(a) shall, with a view to elucidating matters in controversy in the suit examine orally such of the parties to the suit appearing in person or present in Court, as it deems fit; and

(b) may orally examine any person, able to answer any material question relating to the suit, by whom any party appearing in person or present in Court or his pleader is accompanied.

(2) At any subsequent hearing, the Court may orally examine any party appearing in person or present in Court, or any person, able to answer any material question relating to the suit, by whom such party or his pleader is accompanied.

(3) The Court may, if it thinks fit, put in the course of an examination under this rule questions suggested by either party.]

  1. 13. Substance of examination to be written.—The substance of the examination shall be reduced to writing by the Judge, and shall form part of the record.
  2. Consequence of refusal or inability of pleader to answer. — (1) Where the pleader of any party who appears by a pleader or any such person accompanying a pleader as is referred to in rule 2, refuses or is unable to answer any material question relating to the suit which the Court is of opinion that the party whom he represents ought to answer, and is likely to be able to answer if interrogated in person, the Court 2[may postpone the hearing of the suit to a day not later than seven days from the date of first hearing] and direct that such party shall appear in person on such day.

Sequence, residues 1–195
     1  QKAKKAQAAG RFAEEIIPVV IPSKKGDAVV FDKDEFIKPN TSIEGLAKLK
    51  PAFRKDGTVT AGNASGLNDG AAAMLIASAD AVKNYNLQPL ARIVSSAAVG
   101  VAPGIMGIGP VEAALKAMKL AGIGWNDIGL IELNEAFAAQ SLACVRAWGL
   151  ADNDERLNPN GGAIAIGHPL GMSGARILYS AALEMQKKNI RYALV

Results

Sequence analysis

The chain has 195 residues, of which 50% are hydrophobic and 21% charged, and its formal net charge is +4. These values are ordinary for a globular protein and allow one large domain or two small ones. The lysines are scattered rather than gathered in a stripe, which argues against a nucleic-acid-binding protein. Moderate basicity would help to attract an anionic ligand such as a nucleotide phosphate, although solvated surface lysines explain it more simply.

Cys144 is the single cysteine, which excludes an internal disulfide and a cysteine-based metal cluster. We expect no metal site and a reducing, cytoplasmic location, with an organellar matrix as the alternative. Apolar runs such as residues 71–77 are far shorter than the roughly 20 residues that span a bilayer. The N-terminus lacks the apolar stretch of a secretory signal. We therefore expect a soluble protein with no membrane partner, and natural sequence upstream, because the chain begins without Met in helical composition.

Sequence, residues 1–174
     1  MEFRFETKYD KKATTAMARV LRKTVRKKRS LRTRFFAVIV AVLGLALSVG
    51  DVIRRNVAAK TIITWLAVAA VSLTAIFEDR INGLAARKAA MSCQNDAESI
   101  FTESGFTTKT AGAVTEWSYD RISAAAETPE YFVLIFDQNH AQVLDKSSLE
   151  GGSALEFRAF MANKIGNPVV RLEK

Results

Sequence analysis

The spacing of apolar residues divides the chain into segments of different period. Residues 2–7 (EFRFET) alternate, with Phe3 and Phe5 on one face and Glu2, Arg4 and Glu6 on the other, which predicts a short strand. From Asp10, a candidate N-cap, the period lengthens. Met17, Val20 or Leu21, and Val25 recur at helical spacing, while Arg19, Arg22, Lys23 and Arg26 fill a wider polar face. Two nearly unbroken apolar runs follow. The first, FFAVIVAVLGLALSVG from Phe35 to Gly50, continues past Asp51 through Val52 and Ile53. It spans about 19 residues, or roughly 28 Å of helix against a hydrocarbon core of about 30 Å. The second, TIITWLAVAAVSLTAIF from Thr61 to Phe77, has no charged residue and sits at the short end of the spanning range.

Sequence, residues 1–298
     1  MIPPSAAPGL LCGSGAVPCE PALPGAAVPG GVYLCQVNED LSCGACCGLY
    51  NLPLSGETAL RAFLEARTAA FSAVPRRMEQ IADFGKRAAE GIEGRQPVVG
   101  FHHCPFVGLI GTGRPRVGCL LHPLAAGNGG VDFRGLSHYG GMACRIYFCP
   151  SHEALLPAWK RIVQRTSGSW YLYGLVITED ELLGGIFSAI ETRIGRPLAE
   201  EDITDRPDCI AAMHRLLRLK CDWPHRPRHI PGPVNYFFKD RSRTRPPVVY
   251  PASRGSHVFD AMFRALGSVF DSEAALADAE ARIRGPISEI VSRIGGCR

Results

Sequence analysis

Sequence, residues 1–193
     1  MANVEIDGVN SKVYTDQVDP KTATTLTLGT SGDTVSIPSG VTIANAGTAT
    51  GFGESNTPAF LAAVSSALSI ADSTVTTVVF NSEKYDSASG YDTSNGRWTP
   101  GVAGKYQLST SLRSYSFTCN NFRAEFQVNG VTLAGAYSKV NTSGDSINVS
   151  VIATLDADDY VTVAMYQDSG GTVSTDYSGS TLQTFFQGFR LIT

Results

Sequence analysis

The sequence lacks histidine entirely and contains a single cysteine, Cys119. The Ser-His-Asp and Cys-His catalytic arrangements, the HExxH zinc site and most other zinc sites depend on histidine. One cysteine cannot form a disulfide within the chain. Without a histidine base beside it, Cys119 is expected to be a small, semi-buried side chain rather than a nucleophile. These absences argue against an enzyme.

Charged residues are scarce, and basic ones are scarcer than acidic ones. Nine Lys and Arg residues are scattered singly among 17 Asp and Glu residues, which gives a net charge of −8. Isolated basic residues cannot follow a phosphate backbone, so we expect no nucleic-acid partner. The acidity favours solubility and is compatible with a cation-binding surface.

(2) If such party fails without lawful excuse to appear in person on the day so appointed, the Court may pronounce judgment against him, or make such order in relation to the suit as it thinks fit.


Discovery and Inspection

…14. Production of documents. — It shall be lawful for the Court, at any time during the pendency of any suit, to order the production by any party thereto, upon oath, of such of the documents in his possession or power, relating to any matter in question in such suit, as the Court shall think right; and the Court may deal with such documents, when produced, in such manner as shall appear just.

[13] Supra

[14] Supra


Appointment of Receivers

  1. Appointment of receivers. — (1) Where it appears to the Court to be just and convenient, the Court may by order—

(a) appoint a receiver of any property, whether before or after decree;

(b) remove any person from the possession or custody of the property;